Leading off with "Repulsion"6, the first track from their new American Gong album that segued into "Nothing from Nothing", we got from the outset some raging guitar work from Coomes, peaking early on with some Crazy Horse licks on "Never Coming Back Again"'s slop blues. The setlist gave heed to the new album, but also ranged around quite freely, going back to 98's Featuring "Birds" for "You Fucked Yourself". In fact, the set was quite well structured from an emotional/thematic viewpoint, working up from what felt like a burnt-out stoner's lament, perhaps Coomes' great topic — I have no means no know whether that's in any way autobiographical, though with his bugged-out eyes and occasional propensity to momentarily blank out on stage, its a stance he portrayed well.

Regardless, there was a run of material about the cages we find ourselves (or put ourselves) in. On "Birds", he'd sing, "free as a bird.../ Or is that just a word?/ Oh, to be free/ To free myself from me." He continued in that vein in "Everything and Nothing At All" and it culminated in the ironically-titled "Laissez Les Bon Temps Rouler", the downer-est dirge of the lot.

After all of that, the only way to go, mood-wise, was up, with the relatively jaunty "Smile" leading into a few more tear-it-out rockers, such as the suitably unsubtle "Good Time Rock N Roll". Well constructed in tone, even if there's something of a musical disjunction between the guitar-based songs and the ones played by Coomes on his battered keyboard. During a sort of Jerry Lewis free-jazz segue into "The Rhino", Coomes was playing the hell out of his keyb, ironic given the "FRAGILE: MUSICAL INSTRUMENT" stencil on it.

Weiss, meanwhile, was having a good time. And, showing she knows the older crowd the band is mostly appealing to, she deflected one song request (that the band would have to spend some time remembering how to play) by noting, "you guys gotta go to work tomorrow." And when she continued in that vein, saying, "thanks for coming out on a Sunday," a guy somewhere behind me — and someone that I must consider to be a kindred spirit — immediately called back, "thanks for starting promptly!" Oh well, what was it Coomes had sang earlier? "If it's not too loud, then you're not too old."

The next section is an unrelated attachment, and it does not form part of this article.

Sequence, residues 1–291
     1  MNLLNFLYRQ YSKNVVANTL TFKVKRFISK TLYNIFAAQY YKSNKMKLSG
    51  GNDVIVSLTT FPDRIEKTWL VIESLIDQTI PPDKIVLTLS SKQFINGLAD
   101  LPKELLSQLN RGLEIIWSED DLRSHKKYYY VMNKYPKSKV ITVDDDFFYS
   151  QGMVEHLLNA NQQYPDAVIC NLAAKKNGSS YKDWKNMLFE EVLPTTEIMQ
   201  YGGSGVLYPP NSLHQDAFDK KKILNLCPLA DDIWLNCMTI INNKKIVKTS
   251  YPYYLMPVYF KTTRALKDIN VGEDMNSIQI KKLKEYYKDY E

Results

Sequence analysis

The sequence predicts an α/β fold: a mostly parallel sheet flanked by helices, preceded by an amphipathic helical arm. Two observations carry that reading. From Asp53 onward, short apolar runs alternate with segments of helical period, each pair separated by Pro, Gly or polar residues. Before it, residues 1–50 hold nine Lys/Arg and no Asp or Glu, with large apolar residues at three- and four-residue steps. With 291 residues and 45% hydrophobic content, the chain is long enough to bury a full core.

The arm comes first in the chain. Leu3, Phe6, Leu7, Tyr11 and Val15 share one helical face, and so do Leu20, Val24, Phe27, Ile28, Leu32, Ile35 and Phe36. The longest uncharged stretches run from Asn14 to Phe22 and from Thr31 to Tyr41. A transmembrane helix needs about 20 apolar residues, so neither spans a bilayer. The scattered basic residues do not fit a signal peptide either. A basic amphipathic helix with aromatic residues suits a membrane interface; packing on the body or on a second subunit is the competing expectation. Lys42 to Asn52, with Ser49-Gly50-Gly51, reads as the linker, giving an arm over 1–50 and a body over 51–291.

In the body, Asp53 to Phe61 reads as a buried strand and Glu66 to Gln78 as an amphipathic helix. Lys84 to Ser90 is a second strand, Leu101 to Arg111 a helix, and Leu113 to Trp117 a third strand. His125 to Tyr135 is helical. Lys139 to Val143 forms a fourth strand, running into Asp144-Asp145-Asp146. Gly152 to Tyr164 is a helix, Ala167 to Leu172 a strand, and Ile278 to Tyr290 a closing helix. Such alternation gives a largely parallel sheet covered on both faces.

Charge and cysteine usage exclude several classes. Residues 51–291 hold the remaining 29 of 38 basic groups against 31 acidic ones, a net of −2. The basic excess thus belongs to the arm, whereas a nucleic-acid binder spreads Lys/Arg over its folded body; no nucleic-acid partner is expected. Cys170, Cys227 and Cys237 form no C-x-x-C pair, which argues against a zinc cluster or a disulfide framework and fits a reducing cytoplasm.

A lengthy run through "Bye Bye Blackbird" closed out the hour-long set, which was followed by a generous, three song encore, finishing off with a wicked cover of The Who's "Heaven And Hell", a fine way to go out. As a live show, this was vital and pretty convincing.

Check out a couple live tracks from this set here — one each with Coomes on guit and keybs.

1 "We like your country very much. It reminds us of more of home than America. We had fish and chips, it was pretty good, a pint of Guinness. I'm happy."

2 Which, like most of their songs, included some wryly observed lyrics: "No matter how many records I buy/ I can't fill this void" — sentiments familiar to many a shiftless rock'n'roll boy.

3The favour would be returned, with Sam Coomes using Des' guitar during Quasi's set.

4 As a friend said to me in before the gig, if you were starting a band from scratch — maybe in some sort of rock'n'roll fantasy draft — you would be very well-served to have Weiss behind the kit.

5 Bolme and Weiss have also worked together in The Jicks, Stephen Malkmus' backing band.

6 Not a Dinosaur Jr. cover.